The Money, Honey: The “Ungreedy” Approach to Stock Investing

By Rita Warren ~

“Greed is good,” said the dude in “Wall Street,” Gordon Gekko.

He lied.

Greed can get you into a whole lotta trouble when you’re an investor in the stock market.  So don’t listen to Gordon’s siren-like song to you, even though the lure of making more and doing better is strongly pulling on you.  Learn instead to be “ungreedy.”

What is “ungreedy” and how does it look when you are buying and selling stocks?

First of all, the general theory is that if your stock goes up a bit, why wouldn’t it necessarily go up a bit more?  And because of this kind of “wisdom,” investors hold on when they should take their profits and run.  How to avoid this?  Set an unemotional, realistic goal in terms of profitability; in other words, set a goal that isn’t full of greed and avarice.  How about, for example, a 10% profit?  In this day of 1.50% CD interest, who wouldn’t be proud to walk away with 10%? I’ll tell you who: the greedy person who realizes 10%, then says to herself: “I can do better!” and stays with the stock until …. the stock tumbles to 6%, then to 3%, then, before you know it, you’re in the red. All because you got greedy.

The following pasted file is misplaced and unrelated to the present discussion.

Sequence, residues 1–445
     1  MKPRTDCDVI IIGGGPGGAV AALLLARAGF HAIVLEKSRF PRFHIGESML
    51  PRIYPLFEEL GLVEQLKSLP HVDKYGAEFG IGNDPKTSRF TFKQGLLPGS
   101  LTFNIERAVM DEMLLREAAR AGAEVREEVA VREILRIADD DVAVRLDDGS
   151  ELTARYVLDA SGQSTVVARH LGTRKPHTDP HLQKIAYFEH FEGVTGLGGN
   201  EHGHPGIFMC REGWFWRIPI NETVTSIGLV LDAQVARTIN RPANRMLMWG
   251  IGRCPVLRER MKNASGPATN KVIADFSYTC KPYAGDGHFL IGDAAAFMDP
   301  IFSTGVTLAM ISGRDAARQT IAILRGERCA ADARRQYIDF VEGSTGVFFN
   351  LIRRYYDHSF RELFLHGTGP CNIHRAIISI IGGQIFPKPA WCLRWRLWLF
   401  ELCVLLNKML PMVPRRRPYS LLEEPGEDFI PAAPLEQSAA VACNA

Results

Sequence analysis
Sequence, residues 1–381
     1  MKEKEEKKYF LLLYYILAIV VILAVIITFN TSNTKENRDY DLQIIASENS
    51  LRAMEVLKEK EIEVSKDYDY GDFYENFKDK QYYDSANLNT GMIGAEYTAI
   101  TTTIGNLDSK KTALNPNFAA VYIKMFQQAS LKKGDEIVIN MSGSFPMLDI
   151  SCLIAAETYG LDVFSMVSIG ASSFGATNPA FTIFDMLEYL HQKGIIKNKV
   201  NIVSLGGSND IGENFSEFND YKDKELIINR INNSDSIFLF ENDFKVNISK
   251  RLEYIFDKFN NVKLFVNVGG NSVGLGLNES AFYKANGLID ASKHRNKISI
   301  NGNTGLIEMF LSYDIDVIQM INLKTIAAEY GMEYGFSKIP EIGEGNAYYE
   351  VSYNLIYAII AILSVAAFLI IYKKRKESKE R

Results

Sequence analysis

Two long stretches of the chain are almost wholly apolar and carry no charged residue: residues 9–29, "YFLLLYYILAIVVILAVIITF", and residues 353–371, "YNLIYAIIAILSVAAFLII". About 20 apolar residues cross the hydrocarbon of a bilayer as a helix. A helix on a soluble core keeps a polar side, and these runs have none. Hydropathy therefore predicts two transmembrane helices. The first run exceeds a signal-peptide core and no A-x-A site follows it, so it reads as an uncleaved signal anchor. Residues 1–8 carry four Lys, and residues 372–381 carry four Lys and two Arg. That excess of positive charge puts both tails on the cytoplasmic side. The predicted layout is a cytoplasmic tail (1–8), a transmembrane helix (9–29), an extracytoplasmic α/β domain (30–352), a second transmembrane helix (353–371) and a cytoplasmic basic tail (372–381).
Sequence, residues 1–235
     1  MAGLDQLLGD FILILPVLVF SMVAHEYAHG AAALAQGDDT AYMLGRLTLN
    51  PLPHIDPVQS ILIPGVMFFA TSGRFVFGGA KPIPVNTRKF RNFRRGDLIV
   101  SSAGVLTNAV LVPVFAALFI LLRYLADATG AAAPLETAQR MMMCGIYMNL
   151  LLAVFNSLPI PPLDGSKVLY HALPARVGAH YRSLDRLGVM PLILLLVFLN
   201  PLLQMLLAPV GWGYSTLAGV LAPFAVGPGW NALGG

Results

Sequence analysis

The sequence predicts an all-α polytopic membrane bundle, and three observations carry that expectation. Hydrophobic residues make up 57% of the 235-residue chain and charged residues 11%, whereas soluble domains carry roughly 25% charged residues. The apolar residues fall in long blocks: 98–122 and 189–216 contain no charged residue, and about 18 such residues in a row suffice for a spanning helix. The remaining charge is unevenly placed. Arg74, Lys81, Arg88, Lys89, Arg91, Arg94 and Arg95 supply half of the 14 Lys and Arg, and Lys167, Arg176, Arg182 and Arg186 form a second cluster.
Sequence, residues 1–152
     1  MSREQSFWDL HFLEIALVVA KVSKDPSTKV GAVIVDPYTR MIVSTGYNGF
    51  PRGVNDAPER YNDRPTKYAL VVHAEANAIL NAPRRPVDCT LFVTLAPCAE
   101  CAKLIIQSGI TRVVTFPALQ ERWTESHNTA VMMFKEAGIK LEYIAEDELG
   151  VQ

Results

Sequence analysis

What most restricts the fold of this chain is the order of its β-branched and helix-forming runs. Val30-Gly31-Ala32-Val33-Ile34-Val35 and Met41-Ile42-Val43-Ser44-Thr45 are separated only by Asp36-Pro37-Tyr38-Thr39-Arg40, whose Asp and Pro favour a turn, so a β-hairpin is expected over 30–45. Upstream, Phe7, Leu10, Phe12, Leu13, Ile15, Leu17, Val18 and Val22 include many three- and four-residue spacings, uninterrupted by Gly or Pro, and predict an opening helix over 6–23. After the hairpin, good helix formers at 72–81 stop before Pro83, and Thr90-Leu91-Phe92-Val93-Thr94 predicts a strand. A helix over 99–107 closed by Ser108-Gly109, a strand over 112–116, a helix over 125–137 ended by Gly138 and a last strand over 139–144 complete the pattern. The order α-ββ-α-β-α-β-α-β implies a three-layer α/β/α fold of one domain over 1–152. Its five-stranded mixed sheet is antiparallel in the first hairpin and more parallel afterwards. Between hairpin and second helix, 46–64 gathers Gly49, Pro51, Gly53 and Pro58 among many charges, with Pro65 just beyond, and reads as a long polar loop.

Instead, consider the calm, cool approach of the person who sets the 10% profit goal, hits it, and determines to sell the stock.  Yes, there is always the possibility that after you sell the stock at 10% profit, it keeps going to 12% and then 15%, and you’ve missed the move. But the reality is that “a bird in the hand” is definitely the motto here.

I know of what I speak.  Several weeks ago I bought an inexpensive stock recommended by a friend who had made a nice killing in it.  I thought, “If she can do it, so can I!” First error: assuming that just because she did it,I could also. Then, the stock took a tumble. Now I began to panic. Instead of cutting my losses and moving on after selling the loser, I decided to “double down,” meaning I bought the same number of shares at the cheaper price.  I figured: it has to go back up, doesn’t it? (Perhaps you can already surmise that this was my second greed-induced mistake: thinking that the loser stock can’t possibly betray me by going down more.  Dead wrong!

I think you know where this is going: I wound up selling the stock at a 75% loss.  All because I let my greedy evil side get the better of me.

TV host-commentator Bill Maher has said: “If America’s richest one-percent are now so rich that even a five-star hotel isn’t good enough, it’s time to bring back the guillotine.” Greed can get between you and a nice profit in your stocks. The only way to prevent this is to go into a stock trade –both the buy and the sell — with a clear, concise, well-executed plan in mind, and one that doesn’t waiver no matter what.

There is no place for the emotion of greed in stock market investing. You might get lucky once in a while, but for the most part you will eventually get into trouble.

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